My mom was Ann Petry. She’s most famous for The Street, a novel she wrote in 1946 that is still in print. She was secretary to the Authors Guild when your grandfather was president (I think). There’s a note in one of her journals about going to NYC in 1964 to help organize what has become the modern-day Guild.
      Thanks for your kind words about my post.
      Best,
      Liz Petry

  2. Betsy Says:

    I’ve always loved to sew! I have about a dozen or so quilts to my name from pillow covers to double-bed size! And I made my own clothes for many years because I was too large to find anything commercially that would flow over my girth without showing every lump and roll. One year I made all the women in the family square-necked, floor-length, smocked-bodice, flannel house dresses. And I sewed my left index finger to my wedding dress, breaking the needle off in the bone! I had been using an ancient Singer knee-press machine…one direction (forward), one speed (60 mph), and one stitch length (~100 per inch). God forbid you had to rip anything out! I have no time to sew as I would like these days, but I have bins of fabric in my attic. I am a firm believer that she who dies with the most fabric wins!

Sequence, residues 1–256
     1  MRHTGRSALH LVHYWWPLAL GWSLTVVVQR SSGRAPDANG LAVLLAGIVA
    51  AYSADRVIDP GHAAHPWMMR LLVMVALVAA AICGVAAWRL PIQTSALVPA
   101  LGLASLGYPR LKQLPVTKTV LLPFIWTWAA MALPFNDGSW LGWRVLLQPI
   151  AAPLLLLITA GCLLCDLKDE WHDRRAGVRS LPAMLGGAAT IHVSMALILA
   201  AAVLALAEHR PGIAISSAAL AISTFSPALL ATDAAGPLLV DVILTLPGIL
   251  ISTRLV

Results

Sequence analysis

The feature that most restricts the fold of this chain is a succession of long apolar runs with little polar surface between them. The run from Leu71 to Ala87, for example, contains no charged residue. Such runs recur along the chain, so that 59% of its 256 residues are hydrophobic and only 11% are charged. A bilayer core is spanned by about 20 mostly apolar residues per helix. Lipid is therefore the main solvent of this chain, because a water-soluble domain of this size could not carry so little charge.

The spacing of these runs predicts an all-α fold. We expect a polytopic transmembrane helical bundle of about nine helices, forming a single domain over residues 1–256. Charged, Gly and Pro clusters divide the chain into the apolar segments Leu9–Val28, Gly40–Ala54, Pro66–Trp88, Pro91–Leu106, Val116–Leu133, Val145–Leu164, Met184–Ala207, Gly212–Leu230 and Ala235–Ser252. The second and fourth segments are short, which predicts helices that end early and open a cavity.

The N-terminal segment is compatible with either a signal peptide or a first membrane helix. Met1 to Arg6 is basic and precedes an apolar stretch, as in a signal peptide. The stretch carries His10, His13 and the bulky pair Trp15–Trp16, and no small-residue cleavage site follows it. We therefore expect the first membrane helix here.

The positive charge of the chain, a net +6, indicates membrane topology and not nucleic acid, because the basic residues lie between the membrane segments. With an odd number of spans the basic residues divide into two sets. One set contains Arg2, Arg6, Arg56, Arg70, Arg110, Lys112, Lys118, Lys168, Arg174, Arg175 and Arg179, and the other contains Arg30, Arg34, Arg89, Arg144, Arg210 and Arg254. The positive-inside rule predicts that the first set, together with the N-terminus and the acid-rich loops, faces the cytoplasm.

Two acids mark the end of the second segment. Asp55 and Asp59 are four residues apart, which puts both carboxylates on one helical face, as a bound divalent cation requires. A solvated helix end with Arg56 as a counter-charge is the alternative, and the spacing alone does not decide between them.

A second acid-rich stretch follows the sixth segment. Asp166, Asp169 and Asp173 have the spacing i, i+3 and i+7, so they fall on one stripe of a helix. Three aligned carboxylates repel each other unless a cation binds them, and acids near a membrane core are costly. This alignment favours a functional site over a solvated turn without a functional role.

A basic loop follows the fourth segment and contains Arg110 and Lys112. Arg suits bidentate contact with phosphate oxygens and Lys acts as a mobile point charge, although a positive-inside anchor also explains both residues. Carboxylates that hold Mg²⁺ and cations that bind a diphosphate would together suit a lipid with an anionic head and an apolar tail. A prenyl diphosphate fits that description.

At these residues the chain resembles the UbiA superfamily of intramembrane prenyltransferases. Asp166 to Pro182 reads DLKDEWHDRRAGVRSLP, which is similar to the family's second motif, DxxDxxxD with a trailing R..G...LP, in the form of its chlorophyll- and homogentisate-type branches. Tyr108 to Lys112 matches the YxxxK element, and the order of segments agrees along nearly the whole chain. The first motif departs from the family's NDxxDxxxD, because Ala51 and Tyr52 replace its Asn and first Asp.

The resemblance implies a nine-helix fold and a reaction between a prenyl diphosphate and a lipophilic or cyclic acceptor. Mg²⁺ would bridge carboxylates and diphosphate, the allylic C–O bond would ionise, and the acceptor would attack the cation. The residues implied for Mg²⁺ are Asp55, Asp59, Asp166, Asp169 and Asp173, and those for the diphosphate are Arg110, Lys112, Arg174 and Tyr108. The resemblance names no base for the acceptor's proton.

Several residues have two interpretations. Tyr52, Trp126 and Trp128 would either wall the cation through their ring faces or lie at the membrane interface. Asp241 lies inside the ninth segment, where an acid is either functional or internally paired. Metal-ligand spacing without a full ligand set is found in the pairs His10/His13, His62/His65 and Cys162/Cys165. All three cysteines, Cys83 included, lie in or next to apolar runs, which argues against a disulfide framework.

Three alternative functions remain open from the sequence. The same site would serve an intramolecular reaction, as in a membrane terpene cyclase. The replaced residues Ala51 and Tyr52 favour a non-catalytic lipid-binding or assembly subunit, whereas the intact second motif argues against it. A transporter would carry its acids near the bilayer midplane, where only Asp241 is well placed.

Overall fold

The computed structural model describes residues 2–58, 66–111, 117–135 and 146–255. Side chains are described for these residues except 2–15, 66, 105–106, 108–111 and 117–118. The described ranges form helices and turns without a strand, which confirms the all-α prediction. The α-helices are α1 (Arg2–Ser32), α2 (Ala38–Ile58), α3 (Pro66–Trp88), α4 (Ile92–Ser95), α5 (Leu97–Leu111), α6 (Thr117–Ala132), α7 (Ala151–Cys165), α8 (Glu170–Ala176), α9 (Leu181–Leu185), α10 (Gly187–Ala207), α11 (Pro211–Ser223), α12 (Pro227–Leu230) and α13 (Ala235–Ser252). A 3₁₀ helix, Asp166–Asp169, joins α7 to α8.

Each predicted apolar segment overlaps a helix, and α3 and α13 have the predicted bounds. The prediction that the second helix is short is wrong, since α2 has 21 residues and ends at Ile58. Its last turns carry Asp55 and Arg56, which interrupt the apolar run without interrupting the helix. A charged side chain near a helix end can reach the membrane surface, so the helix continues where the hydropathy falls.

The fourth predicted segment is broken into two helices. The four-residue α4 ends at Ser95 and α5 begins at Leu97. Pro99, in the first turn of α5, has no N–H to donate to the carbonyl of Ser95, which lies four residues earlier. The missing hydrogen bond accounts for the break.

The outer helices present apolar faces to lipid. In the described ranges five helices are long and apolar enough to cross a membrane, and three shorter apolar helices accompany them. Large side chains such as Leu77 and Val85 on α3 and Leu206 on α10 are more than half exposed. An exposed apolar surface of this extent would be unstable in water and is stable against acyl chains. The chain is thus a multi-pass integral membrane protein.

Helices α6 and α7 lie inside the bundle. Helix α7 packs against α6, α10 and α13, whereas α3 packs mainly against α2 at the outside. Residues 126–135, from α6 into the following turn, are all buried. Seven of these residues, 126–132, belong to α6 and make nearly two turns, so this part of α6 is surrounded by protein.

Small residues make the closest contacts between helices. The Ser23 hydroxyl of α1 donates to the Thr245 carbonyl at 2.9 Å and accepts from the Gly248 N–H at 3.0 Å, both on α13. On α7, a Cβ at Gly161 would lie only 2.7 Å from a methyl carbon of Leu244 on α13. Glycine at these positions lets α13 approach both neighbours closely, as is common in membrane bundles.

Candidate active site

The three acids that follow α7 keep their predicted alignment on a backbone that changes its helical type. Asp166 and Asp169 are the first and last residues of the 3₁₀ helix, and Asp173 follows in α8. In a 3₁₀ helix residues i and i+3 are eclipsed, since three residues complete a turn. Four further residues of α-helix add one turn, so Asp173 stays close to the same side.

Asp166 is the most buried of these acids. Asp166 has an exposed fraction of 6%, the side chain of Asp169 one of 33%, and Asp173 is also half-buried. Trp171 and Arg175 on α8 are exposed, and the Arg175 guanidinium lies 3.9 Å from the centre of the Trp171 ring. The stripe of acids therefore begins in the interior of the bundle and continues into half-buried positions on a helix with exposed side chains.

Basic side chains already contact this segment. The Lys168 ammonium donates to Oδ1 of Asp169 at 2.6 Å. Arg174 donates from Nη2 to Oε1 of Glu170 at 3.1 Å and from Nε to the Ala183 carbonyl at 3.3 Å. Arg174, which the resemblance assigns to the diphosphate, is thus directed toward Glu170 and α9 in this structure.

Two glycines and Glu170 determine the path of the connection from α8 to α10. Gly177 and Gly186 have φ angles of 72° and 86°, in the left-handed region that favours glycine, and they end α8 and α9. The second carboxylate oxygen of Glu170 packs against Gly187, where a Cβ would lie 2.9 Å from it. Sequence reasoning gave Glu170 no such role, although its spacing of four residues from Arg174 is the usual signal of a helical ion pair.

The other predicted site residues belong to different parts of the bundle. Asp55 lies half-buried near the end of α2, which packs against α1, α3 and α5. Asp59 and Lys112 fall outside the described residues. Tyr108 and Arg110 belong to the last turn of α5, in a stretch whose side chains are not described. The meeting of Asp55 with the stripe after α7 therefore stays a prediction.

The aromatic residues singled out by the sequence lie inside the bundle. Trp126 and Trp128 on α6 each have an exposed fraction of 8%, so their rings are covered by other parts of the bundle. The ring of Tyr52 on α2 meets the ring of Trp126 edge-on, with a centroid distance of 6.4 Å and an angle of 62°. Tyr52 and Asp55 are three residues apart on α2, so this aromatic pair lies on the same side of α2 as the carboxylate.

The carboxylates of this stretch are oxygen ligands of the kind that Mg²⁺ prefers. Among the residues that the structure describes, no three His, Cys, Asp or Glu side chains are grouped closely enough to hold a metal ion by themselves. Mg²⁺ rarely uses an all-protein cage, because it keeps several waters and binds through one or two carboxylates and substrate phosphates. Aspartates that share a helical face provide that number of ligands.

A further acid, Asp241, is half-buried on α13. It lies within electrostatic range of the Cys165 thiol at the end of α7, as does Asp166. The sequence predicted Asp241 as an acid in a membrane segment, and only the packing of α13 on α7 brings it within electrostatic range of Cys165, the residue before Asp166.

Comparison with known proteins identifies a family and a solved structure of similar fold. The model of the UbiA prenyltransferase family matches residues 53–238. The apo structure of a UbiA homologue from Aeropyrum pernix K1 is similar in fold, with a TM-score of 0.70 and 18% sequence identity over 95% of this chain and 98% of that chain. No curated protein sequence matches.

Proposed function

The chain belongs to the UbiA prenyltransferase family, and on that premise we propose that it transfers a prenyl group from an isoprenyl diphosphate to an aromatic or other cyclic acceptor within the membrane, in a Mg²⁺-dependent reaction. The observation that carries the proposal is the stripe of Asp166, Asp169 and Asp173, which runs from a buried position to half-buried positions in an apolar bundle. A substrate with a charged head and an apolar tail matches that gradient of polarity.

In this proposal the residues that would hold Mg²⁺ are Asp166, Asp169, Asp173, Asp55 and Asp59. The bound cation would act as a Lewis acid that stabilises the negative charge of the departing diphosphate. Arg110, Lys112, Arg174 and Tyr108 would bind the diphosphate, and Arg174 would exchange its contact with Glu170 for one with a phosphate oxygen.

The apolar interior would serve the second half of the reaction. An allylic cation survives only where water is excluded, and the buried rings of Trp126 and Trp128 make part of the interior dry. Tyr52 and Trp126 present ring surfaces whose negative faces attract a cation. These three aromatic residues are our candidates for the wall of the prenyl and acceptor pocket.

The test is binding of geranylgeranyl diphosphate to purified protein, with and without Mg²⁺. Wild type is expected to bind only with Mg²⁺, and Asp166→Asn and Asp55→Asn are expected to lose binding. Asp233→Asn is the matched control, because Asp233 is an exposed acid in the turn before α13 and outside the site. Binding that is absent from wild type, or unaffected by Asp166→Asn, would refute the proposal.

• lizr128 Says:

      A woman after my own heart! I drove a sewing machine needle into my middle finger when I was eleven. Daddy rescued me, and I don’t remember much about it except being able to see the broken needle pressing up again my nail. (This should go under Yuck factor!)
      I. too, gave it up when I acquired Leo, my previous cat. The flashing needle and dangling thread were too great a temptation, and I began to look like I’d run my hands over a barbed wire fence. Now I wait till the current feral feline is asleep before I try to replace a button more mend a hem. Do miss the relaxation. My mom would probably have won your contest. She had a huge old trunk piled with all kinds of fabric and more stashed in the attic. I gave it to a friend who sewed, but I’ll bet that 12 years later she still hasn’t used all of it.
      More to you via email.